NEW YORK — Without fanfare, the United Nations this week elected Iran to its Commission on the Status of Women, handing a four-year seat on the influential human rights body to a theocratic state in which stoning is enshrined in law and lashings are required for women judged "immodest."
Just days after Iran abandoned a high-profile bid for a seat on the U.N. Human Rights Council, it began a covert campaign to claim a seat on the Commission on the Status of Women, which is "dedicated exclusively to gender equality and advancement of women," according to its website.
Buried 2,000 words deep in a U.N. press release distributed Wednesday on the filling of "vacancies in subsidiary bodies," was the stark announcement: Iran, along with representatives from 10 other nations, was "elected by acclamation," meaning that no open vote was requested or required by any member states — including the United States. FOXNews.com learned of the press release only after being alerted to it by Anne Bayefsky director of the Touro Institute on Human Rights and the Holocaust.
The U.S. currently holds one of the 45 seats on the body, a position set to expire in 2012. The U.S. Mission to the U.N. did not return requests for comment on whether it actively opposed elevating Iran to the women's commission.
Iran's election comes just a week after one of its senior clerics declared that women who wear revealing clothing are to blame for earthquakes, a statement that created an international uproar — but little affected their bid to become an international arbiter of women's rights.
"Many women who do not dress modestly ... lead young men astray, corrupt their chastity and spread adultery in society, which (consequently) increases earthquakes," said the respected cleric, Hojatoleslam Kazem Sedighi.
As word of Iran's intention to join the women's commission came out, a group of Iranian activists circulated a petition to the U.N. asking that member states oppose its election.
"Iran's discriminatory laws demonstrate that the Islamic Republic does not believe in gender equality," reads the letter, signed by 214 activists and endorsed by over a dozen human rights bodies.
The letter draws a dark picture of the status of women in Iran: "women lack the ability to choose their husbands, have no independent right to education after marriage, no right to divorce, no right to child custody, have no protection from violent treatment in public spaces, are restricted by quotas for women's admission at universities, and are arrested, beaten, and imprisoned for peacefully seeking change of such laws."
The Commission on the Status of Women is supposed to conduct review of nations that violate women's rights, issue reports detailing their failings, and monitor their success in improving women's equality.
Yet critics of Iran's human rights record say the country has taken "every conceivable step" to deter women's equality.
"In the past year, it has arrested and jailed mothers of peaceful civil rights protesters," wrote three prominent democracy and human rights activists in an op-ed published online Tuesday by Foreign Policy Magazine.
"It has charged women who were seeking equality in the social sphere — as wives, daughters and mothers — with threatening national security, subjecting many to hours of harrowing interrogation. Its prison guards have beaten, tortured, sexually assaulted and raped female and male civil rights protesters."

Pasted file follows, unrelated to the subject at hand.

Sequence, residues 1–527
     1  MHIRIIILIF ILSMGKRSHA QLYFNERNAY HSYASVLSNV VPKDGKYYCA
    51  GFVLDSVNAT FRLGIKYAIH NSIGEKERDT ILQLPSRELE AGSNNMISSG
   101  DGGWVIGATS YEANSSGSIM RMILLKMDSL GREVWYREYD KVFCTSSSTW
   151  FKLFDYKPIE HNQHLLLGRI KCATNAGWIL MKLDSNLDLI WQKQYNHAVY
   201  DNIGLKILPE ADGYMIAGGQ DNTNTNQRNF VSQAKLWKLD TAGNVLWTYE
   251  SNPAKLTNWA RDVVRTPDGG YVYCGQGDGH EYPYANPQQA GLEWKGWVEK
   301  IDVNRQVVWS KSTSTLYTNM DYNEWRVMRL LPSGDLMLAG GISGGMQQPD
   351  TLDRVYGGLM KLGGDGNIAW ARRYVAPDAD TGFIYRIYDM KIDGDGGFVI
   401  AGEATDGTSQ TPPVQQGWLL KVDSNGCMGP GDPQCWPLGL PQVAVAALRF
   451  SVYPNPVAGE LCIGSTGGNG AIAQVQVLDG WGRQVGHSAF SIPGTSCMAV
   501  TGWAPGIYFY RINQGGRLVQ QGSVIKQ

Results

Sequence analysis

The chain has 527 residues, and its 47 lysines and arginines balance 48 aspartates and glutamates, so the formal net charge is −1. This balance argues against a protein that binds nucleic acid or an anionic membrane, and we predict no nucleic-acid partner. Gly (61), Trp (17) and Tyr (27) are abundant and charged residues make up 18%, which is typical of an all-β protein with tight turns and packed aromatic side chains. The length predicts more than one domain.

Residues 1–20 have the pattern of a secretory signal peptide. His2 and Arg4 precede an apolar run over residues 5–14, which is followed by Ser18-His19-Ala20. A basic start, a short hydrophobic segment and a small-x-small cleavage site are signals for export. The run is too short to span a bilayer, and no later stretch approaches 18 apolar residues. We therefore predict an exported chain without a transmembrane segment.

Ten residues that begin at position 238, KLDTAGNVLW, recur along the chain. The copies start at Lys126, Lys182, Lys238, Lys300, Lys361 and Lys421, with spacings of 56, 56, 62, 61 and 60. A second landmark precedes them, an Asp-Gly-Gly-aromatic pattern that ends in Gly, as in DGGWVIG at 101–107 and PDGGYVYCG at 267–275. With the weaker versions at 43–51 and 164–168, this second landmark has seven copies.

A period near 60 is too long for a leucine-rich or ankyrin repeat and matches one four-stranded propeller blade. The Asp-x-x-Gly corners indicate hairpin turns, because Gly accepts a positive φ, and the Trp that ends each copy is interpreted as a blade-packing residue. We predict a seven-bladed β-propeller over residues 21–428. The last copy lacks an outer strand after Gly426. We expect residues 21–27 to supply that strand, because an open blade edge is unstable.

Iran's elevation to the commission comes as a black eye just days after the U.S. helped lead a successful effort to keep Iran off the Human Rights Council, which is already dominated by nations that are judged by human rights advocates as chronic violators of essential freedoms. The current membership of the women's commission is little different.
Though it touts itself as "the principal global policy-making body" on women's rights, the makeup of the commission is mostly determined by geography and its membership is a hodge-podge of some human rights advocates (including the U.S., Japan, and Germany) and other nations with stark histories of rights violations.
The number of seats on the commission is based on the number of countries in a region, no matter how small their populations or how scant their respect for rights. The commission is currently made up of 13 members from Africa, 11 from Asia, nine from Latin America and the Caribbean, eight from Western Europe and North America, and four from Eastern Europe.
During this round of "elections," which were not competitive and in which no real votes were cast, two seats opened up for the Asian bloc for the 2011-2015 period. Only two nations put forward candidates to fill empty spots — Iran and Thailand. As at most such commissions in the U.N., backroom deals determined who would gain new seats at the women's rights body.
The activists' letter sent to the U.N. Tuesday argued that it would be better if the Asian countries proffered only one candidate, instead of elevating Iran to the commission.
"We, a group of gender-equality activists, believe that for the sake of women's rights globally, an empty seat for the Asia group on (the commission) is much preferable to Iran's membership. We are writing to alert you to the highly negative ramifications of Iran’s membership in this international body."
A spokeswoman for the U.N.'s Department of Economic and Social Affairs, which oversees the commission, did not return phone calls or e-mails seeking comment.
When its term begins in 2011, Iran will be joined by 10 other countries: Belgium, the Democratic Republic of the Congo, Estonia, Georgia, Jamaica, Iran, Liberia, the Netherlands, Spain, Thailand and Zimbabwe.